Questions about ‘failed’ Fargate Container project unanswered in fiery debate
Last week, Sheffield City Council released an independent report that revealed “significant procedural and control failures” over the project which aimed to get people into the city, with the containers used for eating, drinking and entertainment spaces.
But in the year since news first broke of the plans, the project saw a sewage scare, delays after delays, disagreements, vendors pulling out, low footfall, and the bar never being completed, as costs and negative press mounted.
In January this year, councillors on the strategy and resources committee voted to kill the project completely and give the containers to community groups.
The report was (about to be) discussed at the council’s audit and standards committee yesterday (November 23) but members found out that many questions would go unanswered as they hit out at “literally everything going wrong” and “losing hundreds of thousands of pounds”.
When talking about the internal audit, Cllr Simon Clement-Jones (Beauchief and Greenhill, Liberal Democrats) said one of the things he would have liked to see was “the context around the politics or the politicians at that time”.
He said it was important “we knew why this happened”.
Cllr Clement-Jones added: “We’ve got some of the ‘what happened’ but we know next to nothing about the ‘how’ or ‘why’.
He went on asking “why and how did officers get this so wrong”.
He also asked about the “pressure” that “made them do this”.
Cllr Clement-Jones said: “What it looks like to me is politicians desperate for a quick win on the town centre putting pressure on officers who then go away and do something like this.”
He added people had asked him if it was “fraud”.
He said opposition councillors who raised issues with the project were “ignored by officers” and “belittled by politicians”.
David Hollis, general counsel and monitoring officer, told the committee that Cllr Clement-Jones had raised matters (political pressure, for one) that were not covered by the report so “that’s why there isn’t an answer to those”.
Cllr Clement-Jones told Mr Hollis and the committee that this was their only opportunity to discuss this report in the foreseeable future and “these questions will go unanswered”.
He said: “We’ve read the report and we have questions, and we deserve answers.
“I don’t understand why because it’s not written in the report that I can’t ask for further information.
“It is the duty of the audit committee to ask questions.”
Cllr Fran Belbin (Firth Park, Labour and Co-operative, Deputy Leader of the Council) said looking back at the paperwork she could see “very little evidence that there were any risk controls in place”.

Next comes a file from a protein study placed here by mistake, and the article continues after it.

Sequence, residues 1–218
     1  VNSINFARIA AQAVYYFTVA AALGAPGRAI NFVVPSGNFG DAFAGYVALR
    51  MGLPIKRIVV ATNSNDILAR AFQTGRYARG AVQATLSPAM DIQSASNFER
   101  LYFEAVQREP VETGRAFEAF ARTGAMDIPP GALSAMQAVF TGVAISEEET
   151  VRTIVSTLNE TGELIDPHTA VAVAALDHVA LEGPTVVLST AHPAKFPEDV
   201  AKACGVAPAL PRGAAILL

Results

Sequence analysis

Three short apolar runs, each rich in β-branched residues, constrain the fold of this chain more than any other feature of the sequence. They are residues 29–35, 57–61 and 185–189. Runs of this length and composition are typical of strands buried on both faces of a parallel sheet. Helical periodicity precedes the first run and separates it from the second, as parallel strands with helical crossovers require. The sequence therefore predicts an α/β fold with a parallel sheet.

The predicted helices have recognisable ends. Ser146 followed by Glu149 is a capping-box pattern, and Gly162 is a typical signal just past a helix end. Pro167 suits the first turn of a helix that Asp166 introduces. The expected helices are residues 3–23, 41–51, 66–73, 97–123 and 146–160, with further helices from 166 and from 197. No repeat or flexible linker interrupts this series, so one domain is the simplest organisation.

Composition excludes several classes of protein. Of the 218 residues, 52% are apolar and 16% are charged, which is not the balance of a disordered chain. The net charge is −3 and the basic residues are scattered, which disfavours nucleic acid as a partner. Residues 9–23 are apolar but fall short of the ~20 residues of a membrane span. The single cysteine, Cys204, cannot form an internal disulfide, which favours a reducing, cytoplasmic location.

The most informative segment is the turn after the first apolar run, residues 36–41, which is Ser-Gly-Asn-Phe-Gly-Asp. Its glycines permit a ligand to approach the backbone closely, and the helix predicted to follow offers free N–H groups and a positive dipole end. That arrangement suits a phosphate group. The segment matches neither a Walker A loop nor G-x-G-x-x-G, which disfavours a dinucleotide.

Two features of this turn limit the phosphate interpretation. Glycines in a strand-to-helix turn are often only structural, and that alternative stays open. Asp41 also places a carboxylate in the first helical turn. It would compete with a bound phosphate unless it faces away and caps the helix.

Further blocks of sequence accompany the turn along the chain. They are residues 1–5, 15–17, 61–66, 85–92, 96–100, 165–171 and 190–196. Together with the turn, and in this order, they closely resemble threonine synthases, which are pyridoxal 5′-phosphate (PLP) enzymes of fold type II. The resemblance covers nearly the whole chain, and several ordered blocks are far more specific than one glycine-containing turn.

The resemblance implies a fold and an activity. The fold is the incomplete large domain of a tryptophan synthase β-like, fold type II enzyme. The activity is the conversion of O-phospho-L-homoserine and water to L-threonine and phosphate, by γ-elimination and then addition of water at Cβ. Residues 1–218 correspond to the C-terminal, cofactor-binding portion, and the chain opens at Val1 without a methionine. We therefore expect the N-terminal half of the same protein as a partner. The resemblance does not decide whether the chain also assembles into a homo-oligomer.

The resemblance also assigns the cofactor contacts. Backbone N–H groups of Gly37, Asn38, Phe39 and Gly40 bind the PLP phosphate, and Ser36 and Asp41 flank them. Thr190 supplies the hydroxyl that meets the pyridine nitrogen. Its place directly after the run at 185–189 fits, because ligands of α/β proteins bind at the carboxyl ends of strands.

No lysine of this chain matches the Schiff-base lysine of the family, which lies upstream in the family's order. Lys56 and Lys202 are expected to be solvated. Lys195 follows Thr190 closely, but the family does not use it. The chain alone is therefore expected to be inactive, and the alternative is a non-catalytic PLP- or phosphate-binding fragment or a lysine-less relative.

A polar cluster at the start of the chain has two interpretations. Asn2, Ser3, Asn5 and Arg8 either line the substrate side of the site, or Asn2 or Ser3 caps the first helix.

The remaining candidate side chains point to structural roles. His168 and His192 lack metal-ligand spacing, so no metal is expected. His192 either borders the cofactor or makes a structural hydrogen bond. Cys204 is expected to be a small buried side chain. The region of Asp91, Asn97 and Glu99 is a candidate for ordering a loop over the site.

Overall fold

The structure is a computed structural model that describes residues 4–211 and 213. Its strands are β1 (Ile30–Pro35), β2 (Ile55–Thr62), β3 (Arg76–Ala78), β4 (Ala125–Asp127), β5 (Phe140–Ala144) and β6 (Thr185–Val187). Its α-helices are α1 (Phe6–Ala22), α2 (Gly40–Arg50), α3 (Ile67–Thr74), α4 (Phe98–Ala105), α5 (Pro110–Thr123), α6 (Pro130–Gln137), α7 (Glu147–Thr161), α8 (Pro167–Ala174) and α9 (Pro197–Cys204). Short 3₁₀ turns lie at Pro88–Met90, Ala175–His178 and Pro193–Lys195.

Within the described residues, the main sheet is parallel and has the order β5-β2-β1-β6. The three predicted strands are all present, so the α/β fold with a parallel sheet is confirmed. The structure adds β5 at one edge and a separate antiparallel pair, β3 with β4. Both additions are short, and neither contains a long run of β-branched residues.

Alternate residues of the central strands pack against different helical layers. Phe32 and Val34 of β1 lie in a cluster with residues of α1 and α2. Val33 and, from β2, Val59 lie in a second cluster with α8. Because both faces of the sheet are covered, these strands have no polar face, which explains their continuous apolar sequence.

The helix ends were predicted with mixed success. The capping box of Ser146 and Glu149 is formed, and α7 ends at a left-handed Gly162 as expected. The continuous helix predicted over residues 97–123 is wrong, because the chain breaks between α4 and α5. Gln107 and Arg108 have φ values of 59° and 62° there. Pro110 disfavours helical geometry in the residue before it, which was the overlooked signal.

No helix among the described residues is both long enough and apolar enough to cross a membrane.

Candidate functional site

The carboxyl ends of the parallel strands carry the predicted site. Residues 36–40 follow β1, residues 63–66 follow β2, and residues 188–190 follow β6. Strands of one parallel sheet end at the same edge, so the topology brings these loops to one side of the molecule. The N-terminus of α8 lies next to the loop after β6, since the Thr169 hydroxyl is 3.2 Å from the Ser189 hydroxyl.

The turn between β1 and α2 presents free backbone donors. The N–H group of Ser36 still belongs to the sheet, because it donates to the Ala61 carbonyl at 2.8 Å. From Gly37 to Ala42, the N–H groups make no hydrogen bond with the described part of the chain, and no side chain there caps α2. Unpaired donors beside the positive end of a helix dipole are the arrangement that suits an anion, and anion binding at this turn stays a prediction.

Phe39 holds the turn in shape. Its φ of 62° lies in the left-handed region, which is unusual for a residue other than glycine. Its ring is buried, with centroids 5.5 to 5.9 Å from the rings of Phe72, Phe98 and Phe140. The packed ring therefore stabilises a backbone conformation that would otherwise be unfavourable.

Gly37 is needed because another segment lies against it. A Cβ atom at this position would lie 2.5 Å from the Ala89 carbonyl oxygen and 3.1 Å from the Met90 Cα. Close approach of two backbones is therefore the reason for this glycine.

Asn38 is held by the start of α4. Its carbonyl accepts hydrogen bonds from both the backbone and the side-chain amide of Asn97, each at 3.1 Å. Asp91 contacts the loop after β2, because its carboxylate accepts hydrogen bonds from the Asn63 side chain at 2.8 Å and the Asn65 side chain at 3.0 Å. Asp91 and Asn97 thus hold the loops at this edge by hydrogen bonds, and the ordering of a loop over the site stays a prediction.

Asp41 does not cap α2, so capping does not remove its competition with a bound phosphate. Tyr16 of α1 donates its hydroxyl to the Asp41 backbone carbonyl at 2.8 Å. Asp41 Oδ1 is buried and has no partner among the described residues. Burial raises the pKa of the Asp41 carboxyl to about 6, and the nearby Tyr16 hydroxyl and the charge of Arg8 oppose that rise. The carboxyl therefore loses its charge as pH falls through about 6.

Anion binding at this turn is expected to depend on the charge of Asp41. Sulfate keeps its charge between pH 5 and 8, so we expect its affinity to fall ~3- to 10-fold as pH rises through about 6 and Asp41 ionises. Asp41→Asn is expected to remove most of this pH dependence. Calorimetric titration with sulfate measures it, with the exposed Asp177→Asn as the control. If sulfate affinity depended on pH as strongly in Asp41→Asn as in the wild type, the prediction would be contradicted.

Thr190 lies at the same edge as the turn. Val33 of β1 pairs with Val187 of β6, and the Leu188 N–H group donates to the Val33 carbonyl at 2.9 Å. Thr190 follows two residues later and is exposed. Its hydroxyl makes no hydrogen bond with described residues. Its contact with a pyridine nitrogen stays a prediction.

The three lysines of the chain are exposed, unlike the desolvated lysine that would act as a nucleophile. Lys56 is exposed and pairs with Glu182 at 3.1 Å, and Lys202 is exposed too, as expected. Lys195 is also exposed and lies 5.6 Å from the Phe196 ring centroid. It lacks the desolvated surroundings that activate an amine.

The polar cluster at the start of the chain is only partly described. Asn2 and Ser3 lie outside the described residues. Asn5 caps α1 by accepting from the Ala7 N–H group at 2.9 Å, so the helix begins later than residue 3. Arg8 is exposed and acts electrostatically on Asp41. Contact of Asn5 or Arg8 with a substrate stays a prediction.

When it was raised that in the internal audit, “there was no mention of accountability of officers and politicians”, the Audit and Standards Committee was told that “an additional deep dive has been requested” and it was already underway.
Cllr Mohammed Mahroof (Graves Park, Liberal Democrats, Chair of the Audit and Standards Committee) said the report “just does not read well at all” and he wanted answers so he recommended to widen the scope and “it needs to be brought back here”.
Cllr Mahroof added: “We don’t agree with the recommendations (set out in the report), that is for sure.
“Literally everything went wrong. There has to be somebody or some people to allow this to happen.
“We can’t sit here and say ‘right, we got it all wrong, learned from some mistakes there, we’re getting sorted it out, and that should be fine.
“We lost hundreds of thousands of pounds…”
Members were called not to engage in scrutiny – audit and scrutiny should not be combined.
Mr Hollis said: “We need to ensure that what we’re not doing is moving into a scrutiny role within this committee.”
Cllr Clement-Jones told him that “this committee doesn’t see that scrutiny happening anywhere else”.
The auditors – whose purpose was to provide an independent opinion and identify areas where controls were operating poorly or where controls were not in place – have found that the construction had failed as the usual and defined procurement process was not followed, nor were contract variations documented.
In the report, they stated: “Project management practices were not followed and more worryingly formal financial and contractor monitoring throughout the work was poor or non-existent, furthermore, no risk management was in place.
“The lack of controls and poor governance arrangements led to poor decision making and ultimately the project did not succeed.
“When trying to ascertain the reasons for this project failure, it emerged that the head of service (who took on the de facto lead role on the work), did not have dedicated specialist skills, support and resource.
“The council’s specialist project management teams were not fully or formally involved, but only called upon using an ‘ad-hoc’ approach.”